ARTIST: SUMMONER’S CIRCLE
TITLE: BECOME NONE
LABEL: PAVEMENT ENTERTAINMENT
WORDS: SEAN HUBBARD
Summoner’s Circle debut full-length release has been on the books since they released their EP ‘First Summoning’ in 2015 and strives for greatness but falls just short. They describe their sound as blending “elements of doom, death, black and progressive metal into what they refer to as simply ‘Epic Metal.’ The result on ‘Become None’ is certainly interesting at times but relies on black metal stereotypes too often to be truly great.
Ethereal opening track ‘Ex Terra’ begins with the sound of running water and a slow piano piece, while Gregorian chanting in the forefront sets the scene for the album’s dark tone. The intro fades into ‘Worm Tunnel’ with frontman Blind’s dark scream just as the fast riff and double kick drum hit, keeping up a punishing pace throughout. ‘Minotaur’ is slower and reminiscent of Summoner’s Circle’s doom metal influences, but speed is back in the twelve-minute ‘Legion’ with further kick drums to maintain pace, especially during the “Rise!” chorus.
“synth-led interlude ‘In Ut Ambustio,’ is anything but generic, and is one of the most interesting pieces of music a darker metal band have produced”
Title track and halfway point, ‘Become None’ opens with a slow two-minute organ intro before the rest of the band re-enter amidst repetition of “become none” ahead of a guitar solo. However, the second half wastes the excitement of the introduction, and could have been lifted from any black metal band’s back catalogue. This is redeemed on synth-led interlude ‘In Ut Ambustio,’ which is anything but generic, and is one of the most interesting pieces of music a darker metal band have produced, sounding as far from metal as possible. The synth segues nicely into the intro for ‘Balrog General’ which describes the power of Gandalf’s enemy, while the guitar throughout mirrors the synth introduction before a long drum solo disrupts the flow and other instruments are gradually reintroduced. This track feels like an attempt to give all of the members of the band time to shine, but would work better if the solos were throughout the album instead of all in one song.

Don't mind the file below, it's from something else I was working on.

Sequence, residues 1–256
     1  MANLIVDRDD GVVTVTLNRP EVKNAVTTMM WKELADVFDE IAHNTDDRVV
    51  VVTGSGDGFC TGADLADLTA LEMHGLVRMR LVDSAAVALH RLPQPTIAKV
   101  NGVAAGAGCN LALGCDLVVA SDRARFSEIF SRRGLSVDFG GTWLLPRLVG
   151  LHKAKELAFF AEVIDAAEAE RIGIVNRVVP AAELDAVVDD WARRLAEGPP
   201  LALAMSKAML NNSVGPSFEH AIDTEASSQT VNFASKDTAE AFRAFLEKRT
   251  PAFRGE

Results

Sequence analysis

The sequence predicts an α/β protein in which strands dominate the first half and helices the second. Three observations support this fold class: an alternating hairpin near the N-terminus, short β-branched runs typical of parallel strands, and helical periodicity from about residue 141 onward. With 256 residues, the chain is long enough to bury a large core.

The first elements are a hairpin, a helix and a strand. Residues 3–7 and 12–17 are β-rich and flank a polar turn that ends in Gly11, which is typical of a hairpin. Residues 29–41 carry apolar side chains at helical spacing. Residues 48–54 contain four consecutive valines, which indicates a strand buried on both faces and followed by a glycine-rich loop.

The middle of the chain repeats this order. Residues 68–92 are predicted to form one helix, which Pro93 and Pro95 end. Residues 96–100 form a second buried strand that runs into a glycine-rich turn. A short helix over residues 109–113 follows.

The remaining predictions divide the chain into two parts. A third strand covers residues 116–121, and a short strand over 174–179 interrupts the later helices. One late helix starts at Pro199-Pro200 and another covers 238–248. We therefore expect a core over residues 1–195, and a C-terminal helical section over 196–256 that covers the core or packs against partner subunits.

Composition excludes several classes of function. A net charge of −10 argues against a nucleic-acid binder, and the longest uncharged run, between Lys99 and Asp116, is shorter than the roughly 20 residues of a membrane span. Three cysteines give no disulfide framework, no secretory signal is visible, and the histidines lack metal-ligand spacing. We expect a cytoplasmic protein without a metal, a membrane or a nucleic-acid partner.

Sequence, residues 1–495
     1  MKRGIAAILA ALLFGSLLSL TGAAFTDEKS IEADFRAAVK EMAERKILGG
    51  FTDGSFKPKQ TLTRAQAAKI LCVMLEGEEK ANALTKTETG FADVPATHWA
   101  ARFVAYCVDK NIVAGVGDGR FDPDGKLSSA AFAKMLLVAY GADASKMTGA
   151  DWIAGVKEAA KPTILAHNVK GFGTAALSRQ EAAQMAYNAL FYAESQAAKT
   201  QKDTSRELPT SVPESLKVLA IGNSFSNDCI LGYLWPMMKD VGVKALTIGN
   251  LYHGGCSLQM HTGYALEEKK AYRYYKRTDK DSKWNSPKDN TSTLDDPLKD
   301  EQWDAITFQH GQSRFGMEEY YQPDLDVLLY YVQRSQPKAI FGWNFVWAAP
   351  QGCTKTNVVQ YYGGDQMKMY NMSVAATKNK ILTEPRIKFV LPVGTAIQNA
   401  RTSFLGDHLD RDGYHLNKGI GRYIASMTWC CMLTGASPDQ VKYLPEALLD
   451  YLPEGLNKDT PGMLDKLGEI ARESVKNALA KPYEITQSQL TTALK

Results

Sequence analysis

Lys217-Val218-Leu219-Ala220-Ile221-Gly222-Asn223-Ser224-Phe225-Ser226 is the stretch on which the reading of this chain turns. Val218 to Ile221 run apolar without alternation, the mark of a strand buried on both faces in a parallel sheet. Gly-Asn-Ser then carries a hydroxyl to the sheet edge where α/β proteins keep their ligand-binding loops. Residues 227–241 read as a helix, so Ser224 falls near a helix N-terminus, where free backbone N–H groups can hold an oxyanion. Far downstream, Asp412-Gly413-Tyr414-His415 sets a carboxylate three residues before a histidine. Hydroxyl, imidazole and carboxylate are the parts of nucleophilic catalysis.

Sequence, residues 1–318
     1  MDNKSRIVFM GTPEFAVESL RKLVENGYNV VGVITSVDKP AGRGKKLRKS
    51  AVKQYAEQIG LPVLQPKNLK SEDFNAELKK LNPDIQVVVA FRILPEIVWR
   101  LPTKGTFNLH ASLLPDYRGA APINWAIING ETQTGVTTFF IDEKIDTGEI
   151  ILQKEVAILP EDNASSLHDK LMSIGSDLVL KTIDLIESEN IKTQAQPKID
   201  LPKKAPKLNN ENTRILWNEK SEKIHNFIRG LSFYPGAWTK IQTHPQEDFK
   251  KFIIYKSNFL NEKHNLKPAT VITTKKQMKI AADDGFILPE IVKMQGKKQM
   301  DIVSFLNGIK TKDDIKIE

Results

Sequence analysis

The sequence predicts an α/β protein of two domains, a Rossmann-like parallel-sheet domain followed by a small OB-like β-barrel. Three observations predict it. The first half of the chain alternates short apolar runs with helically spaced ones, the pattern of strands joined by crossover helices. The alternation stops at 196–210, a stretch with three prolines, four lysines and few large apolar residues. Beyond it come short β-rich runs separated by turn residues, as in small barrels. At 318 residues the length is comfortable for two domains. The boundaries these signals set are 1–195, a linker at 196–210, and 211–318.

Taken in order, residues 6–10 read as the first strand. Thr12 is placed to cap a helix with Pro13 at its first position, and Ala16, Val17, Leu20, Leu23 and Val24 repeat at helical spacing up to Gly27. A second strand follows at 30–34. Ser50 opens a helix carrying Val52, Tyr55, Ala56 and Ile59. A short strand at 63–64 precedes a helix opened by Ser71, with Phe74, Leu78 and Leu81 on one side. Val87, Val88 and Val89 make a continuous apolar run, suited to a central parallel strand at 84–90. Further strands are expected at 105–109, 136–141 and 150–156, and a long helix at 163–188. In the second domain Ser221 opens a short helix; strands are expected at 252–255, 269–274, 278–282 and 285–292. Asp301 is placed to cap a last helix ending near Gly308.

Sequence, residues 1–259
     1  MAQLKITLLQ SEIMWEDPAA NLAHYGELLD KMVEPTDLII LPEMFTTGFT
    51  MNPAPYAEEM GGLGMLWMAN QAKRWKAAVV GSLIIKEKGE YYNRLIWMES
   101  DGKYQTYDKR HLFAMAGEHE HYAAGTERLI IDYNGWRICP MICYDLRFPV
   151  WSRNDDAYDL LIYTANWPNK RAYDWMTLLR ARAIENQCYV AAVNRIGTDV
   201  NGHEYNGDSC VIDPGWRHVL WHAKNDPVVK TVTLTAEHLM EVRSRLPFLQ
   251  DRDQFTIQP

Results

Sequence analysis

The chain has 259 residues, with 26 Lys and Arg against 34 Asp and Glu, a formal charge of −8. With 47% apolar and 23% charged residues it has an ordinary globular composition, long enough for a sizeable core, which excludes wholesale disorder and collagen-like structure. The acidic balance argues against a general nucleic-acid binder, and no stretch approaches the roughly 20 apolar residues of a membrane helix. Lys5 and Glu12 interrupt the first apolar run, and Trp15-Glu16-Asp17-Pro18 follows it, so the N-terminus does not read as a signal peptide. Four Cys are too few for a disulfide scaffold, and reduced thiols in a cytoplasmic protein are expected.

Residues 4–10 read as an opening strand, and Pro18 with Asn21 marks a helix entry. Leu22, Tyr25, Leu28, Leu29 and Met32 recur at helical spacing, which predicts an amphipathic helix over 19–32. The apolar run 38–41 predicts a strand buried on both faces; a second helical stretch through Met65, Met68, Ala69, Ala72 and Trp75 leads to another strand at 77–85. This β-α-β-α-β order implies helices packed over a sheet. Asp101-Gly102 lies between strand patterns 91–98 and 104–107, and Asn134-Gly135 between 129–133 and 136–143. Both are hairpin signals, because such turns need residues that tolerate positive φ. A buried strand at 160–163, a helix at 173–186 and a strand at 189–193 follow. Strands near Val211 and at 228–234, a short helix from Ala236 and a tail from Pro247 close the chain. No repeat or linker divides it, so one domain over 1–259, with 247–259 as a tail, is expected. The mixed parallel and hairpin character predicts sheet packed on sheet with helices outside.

‘Overseer of the Internal Construct’ is the album’s worst song, it lacks progression, and merely plods along to a middling drum beat for eight long minutes, slowing the pace of the album’s remainder. Penultimate song ‘Temple of Suffering’ opens with clean vocals and is reminiscent of Iron Maiden and other theatrical metal bands. It changes up the formula of the album and more experimenting would be an improvement, but instead after the first three minutes it returns to the guttural screams that define modern black metal.
“a solid example of a black metal album, which occasionally hits the Epic feel that Summoner’s Circle were aiming for’“
Closing track ‘Further into Dis’ begins with more clean vocals before launching into a brutal double kick drum and slow wailing guitars along with more of Blind’s signature screams yelling “they come in shadows” about the metaphysical evil of the album who are said to be coming to devour the protagonist.
This is a solid example of a black metal album, which occasionally hits the Epic feel that Summoner’s Circle were aiming for, but often falls short, and does nothing special to reinvent the genre – there are flashes of excitement with the synths in ‘In Ut Ambustio’ and the clean singing in ‘Temple of Suffering’ which deviate from the black metal formula, but for the majority ‘Become None’ shies away from these experimental areas which would’ve greatly improved the album if explored further.